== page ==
Sunday, January 8, 2012
I worked on a really fun honors project for my Chemistry class last semester.
Over the course of two seven hour lab sessions, my teacher and I synthesized blatellaquinone, the organic compound that German cockroaches (Blatella germanica) use as a sex pheromone. It was really neat to learn how organic compounds can be altered by breaking off portions of them and attaching new structures. That wasn't the best part, though.
After we finished making the powdery compound, we tested it on male and female B. germanica to ensure we made it properly. As we expected, the female roaches didn't react at all, but the males went absolutely crazy. They were running in circles and even waving their abdomens around in mating displays. It was pretty cute.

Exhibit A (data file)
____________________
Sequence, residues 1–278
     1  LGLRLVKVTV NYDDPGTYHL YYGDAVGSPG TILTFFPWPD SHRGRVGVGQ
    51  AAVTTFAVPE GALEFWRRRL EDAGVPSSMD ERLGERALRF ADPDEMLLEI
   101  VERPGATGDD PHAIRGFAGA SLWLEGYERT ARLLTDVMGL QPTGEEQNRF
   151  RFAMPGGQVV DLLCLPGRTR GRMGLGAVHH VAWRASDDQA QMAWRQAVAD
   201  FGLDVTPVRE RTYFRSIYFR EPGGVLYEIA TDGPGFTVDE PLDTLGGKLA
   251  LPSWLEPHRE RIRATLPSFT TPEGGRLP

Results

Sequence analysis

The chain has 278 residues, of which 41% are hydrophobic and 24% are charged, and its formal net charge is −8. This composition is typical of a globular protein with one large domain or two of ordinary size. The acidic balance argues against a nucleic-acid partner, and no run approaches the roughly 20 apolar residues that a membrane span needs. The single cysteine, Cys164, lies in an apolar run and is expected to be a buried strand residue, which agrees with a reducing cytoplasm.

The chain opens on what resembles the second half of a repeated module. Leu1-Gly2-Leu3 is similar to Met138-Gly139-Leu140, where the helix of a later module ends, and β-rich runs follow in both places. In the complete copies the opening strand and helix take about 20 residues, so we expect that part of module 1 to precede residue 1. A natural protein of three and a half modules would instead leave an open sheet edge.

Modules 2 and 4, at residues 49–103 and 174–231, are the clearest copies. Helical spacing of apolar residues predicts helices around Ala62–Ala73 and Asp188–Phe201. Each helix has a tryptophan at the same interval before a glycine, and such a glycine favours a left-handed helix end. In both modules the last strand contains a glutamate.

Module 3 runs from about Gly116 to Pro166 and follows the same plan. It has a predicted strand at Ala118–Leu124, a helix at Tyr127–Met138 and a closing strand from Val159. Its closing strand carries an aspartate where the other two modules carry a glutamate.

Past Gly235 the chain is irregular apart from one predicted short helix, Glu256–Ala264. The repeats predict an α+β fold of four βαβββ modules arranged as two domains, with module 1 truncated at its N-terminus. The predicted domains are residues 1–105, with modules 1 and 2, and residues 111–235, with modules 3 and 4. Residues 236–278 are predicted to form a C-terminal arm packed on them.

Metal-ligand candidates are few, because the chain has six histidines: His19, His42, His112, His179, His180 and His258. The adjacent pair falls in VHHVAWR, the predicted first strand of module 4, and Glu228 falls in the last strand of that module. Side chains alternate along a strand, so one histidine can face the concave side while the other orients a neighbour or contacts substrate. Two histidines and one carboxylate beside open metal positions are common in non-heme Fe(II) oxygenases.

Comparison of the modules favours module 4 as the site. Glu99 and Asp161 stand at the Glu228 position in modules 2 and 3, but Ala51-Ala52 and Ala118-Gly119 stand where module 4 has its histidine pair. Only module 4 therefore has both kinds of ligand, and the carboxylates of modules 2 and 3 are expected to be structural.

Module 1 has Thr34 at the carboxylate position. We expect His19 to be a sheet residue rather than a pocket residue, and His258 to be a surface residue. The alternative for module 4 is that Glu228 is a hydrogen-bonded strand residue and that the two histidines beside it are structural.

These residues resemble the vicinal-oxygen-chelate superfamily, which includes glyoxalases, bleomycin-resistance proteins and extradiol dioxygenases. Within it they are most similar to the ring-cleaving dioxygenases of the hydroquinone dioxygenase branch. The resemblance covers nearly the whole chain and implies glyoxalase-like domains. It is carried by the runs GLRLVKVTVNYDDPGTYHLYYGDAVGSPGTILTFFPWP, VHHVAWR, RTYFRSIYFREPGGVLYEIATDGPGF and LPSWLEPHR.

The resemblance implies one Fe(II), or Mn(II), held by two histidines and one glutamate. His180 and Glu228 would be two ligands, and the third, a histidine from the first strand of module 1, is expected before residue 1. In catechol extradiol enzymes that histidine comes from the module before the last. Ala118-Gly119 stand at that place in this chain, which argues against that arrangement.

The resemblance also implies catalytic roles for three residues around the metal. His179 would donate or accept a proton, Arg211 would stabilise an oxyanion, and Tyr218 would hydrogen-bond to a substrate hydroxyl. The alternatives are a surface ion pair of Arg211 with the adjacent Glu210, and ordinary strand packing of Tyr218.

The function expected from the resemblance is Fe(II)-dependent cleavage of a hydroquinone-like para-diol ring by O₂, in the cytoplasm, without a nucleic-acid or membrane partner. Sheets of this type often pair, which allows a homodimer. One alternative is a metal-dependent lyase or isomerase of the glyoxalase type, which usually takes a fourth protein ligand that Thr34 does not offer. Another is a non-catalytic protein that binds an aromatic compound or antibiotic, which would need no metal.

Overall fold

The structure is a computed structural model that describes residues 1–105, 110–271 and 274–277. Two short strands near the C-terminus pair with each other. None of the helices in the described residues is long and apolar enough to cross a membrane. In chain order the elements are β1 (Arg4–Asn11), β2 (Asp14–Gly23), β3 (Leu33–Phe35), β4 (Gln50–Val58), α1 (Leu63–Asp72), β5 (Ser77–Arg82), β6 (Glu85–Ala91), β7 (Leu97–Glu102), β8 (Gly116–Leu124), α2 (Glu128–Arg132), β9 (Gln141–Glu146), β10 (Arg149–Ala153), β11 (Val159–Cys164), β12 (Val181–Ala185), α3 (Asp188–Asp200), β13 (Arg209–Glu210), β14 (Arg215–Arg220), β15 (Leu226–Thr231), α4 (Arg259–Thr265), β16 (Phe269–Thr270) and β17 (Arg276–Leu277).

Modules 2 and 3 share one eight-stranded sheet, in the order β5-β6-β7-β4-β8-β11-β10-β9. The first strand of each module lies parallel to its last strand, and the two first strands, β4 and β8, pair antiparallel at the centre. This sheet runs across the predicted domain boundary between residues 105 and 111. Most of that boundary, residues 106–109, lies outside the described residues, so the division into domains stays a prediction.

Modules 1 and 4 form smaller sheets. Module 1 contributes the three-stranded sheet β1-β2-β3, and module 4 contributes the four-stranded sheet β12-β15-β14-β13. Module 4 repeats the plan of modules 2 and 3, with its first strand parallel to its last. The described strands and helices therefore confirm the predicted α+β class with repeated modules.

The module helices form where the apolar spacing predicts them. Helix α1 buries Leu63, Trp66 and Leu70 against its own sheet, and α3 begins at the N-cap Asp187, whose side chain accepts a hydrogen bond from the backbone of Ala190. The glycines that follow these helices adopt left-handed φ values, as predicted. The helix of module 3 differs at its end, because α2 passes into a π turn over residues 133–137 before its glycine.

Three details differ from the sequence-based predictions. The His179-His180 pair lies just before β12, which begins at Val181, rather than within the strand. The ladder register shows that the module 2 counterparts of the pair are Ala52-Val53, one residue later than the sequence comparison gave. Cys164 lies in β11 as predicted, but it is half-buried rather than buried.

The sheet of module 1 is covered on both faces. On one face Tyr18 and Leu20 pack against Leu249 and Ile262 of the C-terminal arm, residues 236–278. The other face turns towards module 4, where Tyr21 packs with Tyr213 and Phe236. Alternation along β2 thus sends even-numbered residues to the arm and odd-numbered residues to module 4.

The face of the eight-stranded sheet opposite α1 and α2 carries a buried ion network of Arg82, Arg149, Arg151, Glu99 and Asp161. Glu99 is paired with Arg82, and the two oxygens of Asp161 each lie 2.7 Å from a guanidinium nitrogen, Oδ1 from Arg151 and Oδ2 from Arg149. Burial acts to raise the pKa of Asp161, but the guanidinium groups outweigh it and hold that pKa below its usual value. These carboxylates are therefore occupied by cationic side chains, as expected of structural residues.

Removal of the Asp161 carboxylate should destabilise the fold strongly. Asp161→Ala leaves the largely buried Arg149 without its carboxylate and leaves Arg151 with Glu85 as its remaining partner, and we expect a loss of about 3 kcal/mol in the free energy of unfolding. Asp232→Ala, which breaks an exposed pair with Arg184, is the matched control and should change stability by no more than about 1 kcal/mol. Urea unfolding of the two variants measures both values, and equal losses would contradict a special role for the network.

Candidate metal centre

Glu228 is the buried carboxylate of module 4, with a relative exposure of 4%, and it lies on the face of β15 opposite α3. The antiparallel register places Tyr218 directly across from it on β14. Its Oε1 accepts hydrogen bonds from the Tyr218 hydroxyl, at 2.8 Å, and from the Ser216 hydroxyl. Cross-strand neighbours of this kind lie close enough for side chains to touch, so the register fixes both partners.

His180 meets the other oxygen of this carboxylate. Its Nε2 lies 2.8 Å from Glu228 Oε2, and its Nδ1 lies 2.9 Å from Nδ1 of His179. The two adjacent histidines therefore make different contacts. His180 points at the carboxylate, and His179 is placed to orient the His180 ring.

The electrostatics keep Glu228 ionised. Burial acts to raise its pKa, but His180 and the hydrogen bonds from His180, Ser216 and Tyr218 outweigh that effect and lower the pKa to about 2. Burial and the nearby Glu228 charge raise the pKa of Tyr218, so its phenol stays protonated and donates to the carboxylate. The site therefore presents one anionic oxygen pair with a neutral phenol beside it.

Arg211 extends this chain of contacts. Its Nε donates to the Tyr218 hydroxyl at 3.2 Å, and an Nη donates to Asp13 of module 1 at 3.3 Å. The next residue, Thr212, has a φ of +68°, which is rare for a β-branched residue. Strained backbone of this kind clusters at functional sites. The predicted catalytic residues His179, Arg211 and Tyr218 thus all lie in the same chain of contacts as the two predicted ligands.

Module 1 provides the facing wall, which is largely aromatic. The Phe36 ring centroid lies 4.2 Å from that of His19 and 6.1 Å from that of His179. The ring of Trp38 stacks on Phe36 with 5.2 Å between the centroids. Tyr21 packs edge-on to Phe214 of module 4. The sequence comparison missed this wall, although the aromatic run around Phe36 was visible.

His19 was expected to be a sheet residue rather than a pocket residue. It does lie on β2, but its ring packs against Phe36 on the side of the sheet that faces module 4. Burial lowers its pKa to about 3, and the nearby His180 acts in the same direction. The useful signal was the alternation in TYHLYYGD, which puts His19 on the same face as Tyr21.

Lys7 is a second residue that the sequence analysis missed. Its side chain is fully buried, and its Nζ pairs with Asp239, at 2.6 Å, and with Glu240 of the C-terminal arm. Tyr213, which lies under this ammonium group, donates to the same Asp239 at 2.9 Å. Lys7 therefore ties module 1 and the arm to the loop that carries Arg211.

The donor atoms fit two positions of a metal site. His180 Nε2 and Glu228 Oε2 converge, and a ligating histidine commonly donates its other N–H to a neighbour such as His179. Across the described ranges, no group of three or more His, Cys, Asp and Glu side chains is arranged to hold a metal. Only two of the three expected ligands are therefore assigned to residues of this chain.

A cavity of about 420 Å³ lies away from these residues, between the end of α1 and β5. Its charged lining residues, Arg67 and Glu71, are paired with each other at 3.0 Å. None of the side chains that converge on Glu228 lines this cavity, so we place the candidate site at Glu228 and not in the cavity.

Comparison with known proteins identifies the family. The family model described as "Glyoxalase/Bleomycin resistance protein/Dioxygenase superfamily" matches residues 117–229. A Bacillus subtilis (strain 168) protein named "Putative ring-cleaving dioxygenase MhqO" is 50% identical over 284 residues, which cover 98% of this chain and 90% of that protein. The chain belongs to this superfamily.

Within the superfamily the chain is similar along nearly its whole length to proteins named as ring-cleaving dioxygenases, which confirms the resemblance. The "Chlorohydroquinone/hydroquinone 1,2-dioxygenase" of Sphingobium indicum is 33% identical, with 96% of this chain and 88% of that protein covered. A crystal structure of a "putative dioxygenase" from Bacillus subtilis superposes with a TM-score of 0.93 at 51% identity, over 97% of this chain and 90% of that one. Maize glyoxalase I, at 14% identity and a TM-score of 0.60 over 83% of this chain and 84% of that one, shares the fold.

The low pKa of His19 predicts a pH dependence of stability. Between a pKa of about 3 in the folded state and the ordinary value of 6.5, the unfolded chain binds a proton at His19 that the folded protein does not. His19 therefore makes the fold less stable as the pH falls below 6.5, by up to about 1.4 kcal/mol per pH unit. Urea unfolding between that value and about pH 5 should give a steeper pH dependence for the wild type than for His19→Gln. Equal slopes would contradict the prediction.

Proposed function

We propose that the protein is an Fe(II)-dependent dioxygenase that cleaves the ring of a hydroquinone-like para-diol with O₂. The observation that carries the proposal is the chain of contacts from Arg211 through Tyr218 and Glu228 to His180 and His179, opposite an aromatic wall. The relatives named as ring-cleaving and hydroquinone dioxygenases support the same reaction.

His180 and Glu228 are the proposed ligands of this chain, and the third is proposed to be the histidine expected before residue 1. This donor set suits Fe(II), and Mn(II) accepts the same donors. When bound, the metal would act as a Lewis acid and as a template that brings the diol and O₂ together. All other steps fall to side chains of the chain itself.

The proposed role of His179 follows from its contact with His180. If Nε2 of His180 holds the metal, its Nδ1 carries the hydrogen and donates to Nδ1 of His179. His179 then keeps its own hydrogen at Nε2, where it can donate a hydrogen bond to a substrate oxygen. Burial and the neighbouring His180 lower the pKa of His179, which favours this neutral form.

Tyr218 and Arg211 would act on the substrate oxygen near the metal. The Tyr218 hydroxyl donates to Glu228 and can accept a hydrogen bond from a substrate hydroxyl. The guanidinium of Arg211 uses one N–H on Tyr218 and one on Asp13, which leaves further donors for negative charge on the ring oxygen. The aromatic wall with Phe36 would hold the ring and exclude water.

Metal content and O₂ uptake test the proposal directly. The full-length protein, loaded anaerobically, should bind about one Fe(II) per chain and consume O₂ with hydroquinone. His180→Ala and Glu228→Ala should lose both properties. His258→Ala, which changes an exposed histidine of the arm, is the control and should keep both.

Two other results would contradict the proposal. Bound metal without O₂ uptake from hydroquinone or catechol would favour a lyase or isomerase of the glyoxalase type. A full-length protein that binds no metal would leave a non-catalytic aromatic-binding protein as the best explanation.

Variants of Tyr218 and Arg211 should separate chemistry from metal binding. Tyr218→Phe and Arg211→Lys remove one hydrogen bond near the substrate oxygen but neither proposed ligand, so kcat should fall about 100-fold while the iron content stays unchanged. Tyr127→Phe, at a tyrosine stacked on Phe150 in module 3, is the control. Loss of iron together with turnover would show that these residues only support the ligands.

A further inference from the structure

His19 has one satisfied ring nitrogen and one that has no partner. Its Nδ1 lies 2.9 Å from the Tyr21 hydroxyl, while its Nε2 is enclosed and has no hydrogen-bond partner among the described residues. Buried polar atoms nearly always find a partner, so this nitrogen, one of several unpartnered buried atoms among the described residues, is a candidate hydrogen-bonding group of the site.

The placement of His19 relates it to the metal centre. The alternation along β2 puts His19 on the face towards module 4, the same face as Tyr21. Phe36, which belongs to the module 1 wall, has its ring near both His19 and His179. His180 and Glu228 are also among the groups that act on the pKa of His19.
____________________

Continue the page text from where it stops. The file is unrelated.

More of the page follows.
Things got even more interesting as we tried the compound on other, very distantly related species of roaches. When we tested it on hissing roaches (G. portentosa), we were surprised to see the males ignore it and the females react strongly. It seems that hissers still use the same blatellaquinone compound to signal for mating, but the gender that uses it has switched somewhere in their evolutionary lineage.
We also tested it on Halloween hissers (E. javanica). The females ignored it, but the males went insane. To our amusement, they even started humping the vial we placed it inside of. Talk about ready for action!
I had tons of fun with this project, but really wish I had more roach species at home to test the compound on. That said, I did save it. So in the future, when I have adults of a new species, I'll probably break it out and see how they react. My curiosity is really piqued thanks to this simple assignment!